A Dancer’s Work Ethic

By Danielle Caldwell


For my first twenty or so years, I was dedicated to pursuing a ballet career.Martha Graham once said that “a dancer dies twice—once when they stop dancing, and this first death is the more painful.” Which is why it’s no surprise that I describe those ballet years as “my former life.”

Most people don’t really understand the discipline required to pursue this craft or know what to picture if I mention in passing that “I used to dance.” They don’t really grasp the physical demands of training six days a week for hours at a time. Or see the time spent in physical therapy to prevent injury and help combat wear and tear on the body. They don’t know that, beginning at age 11, I spent every summer away from home for intensive training while school was out. Or that by 15, I was commuting an hour to and from Manhattan six days a week to train and rehearse for hours a day.

Ballet technique is an art that can never be mastered, so dancers are simply never satisfied. Because there is always room for improvement, dancers are always asking themselves how they can be better than they were yesterday.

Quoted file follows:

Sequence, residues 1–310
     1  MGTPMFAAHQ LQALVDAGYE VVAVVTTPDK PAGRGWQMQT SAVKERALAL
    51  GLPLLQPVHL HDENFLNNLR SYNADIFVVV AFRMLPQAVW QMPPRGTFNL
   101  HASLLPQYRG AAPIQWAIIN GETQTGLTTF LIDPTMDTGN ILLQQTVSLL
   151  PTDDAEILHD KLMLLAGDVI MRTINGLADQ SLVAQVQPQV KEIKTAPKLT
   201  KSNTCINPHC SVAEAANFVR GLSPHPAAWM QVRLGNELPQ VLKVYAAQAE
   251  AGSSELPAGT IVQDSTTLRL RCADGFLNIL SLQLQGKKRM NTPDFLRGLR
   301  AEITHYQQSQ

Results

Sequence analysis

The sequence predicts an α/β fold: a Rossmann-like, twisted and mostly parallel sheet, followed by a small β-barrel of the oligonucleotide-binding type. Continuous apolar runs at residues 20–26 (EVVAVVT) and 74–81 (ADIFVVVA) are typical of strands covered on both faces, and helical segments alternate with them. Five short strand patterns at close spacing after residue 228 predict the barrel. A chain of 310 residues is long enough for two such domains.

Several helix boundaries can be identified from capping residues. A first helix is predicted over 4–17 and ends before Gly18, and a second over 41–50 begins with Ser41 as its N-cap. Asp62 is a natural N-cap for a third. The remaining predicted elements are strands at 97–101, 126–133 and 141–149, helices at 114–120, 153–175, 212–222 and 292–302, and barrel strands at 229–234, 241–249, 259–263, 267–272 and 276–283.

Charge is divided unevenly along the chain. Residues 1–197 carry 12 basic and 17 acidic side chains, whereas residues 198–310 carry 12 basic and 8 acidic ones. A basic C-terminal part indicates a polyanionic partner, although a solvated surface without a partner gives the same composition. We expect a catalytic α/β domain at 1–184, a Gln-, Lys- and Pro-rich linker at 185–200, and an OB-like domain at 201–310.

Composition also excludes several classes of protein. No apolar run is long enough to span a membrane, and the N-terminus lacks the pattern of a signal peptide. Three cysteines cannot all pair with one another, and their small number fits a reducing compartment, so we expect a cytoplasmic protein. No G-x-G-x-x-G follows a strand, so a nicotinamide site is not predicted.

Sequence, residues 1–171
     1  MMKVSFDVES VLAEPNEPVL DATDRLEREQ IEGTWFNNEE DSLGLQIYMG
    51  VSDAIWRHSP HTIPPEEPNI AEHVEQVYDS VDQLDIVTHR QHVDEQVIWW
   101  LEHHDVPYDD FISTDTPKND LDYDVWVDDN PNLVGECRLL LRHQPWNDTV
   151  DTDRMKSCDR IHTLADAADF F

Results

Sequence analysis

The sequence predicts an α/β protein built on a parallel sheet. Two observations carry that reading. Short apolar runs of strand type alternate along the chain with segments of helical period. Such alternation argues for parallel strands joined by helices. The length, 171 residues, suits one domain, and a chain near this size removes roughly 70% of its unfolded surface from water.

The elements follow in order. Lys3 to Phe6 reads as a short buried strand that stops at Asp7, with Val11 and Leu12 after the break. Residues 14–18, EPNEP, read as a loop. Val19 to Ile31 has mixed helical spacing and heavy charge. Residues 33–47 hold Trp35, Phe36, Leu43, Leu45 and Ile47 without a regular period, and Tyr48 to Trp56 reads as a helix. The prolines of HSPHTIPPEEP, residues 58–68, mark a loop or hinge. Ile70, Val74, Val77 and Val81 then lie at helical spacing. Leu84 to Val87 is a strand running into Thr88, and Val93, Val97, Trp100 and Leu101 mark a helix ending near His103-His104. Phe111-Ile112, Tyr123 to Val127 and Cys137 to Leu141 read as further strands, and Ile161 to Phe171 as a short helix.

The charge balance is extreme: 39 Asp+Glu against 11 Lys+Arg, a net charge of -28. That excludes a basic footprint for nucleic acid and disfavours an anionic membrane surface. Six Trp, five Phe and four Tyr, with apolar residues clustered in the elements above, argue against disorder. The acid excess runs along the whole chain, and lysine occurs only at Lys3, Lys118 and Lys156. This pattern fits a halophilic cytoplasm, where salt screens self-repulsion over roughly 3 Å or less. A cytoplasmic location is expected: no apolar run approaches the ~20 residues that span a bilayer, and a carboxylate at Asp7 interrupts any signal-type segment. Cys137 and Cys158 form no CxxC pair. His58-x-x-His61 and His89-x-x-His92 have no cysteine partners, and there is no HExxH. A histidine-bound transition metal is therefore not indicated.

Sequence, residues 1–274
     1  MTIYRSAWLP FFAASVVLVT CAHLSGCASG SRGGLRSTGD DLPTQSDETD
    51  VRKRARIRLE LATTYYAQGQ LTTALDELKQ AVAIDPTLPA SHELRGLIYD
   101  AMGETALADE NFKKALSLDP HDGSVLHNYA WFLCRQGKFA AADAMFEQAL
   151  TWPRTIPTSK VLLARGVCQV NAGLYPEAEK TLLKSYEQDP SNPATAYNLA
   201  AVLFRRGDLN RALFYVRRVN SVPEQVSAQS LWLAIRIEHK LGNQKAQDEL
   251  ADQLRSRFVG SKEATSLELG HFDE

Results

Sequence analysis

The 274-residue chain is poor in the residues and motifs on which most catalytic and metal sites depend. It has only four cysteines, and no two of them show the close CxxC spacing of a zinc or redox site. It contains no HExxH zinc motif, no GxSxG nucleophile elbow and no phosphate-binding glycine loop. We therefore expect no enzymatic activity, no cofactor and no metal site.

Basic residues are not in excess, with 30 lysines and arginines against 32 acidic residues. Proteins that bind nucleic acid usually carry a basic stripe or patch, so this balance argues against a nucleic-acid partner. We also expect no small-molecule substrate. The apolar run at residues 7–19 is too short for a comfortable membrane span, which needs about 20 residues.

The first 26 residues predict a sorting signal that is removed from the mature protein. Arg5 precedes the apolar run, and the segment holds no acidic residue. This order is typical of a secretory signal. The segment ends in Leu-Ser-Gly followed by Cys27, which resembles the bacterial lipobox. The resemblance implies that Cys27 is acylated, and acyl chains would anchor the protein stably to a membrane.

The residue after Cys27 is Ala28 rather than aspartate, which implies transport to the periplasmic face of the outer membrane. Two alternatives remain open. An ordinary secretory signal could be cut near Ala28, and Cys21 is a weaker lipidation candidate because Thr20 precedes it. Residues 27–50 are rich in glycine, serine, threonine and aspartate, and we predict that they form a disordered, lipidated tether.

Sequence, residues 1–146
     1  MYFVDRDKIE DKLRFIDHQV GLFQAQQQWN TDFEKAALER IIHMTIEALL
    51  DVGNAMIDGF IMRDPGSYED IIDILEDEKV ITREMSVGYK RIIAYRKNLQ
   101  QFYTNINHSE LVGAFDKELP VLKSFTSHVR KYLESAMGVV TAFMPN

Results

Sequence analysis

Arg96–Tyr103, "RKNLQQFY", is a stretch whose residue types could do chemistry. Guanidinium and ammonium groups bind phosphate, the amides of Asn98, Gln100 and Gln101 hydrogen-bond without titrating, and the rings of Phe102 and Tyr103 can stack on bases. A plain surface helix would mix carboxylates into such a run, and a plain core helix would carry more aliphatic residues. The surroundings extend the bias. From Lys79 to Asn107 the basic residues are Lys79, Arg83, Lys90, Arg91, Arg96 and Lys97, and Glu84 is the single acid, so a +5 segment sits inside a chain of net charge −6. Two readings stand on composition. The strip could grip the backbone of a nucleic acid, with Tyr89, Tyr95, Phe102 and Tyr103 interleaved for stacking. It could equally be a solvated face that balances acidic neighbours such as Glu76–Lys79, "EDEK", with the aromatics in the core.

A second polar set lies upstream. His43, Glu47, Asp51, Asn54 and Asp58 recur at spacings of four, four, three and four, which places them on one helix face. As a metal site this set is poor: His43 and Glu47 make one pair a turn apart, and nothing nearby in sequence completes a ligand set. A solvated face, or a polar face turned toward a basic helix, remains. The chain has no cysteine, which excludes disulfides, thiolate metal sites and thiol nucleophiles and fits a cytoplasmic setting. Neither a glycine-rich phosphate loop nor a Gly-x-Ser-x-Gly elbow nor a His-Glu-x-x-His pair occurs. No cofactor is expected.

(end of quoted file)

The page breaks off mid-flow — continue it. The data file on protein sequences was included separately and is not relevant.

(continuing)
This certainly cultivates a work ethic that translates to any career. So, while I hung up my pointe shoes many years ago, I try my best to keep a few habits from my former life and apply them to my work as a publicist.

Fernanda Oliveira said it best in her recent post: “The dancer’s work ethic is based on habits acquired over many years. Understanding why something goes wrong, knowing that it can always be better and attending to the smallest details are three helpful ways to approach any job, and taking these steps and practicing them, if you don’t already, will help you develop a new perspective toward your job and help you become a better professional.”

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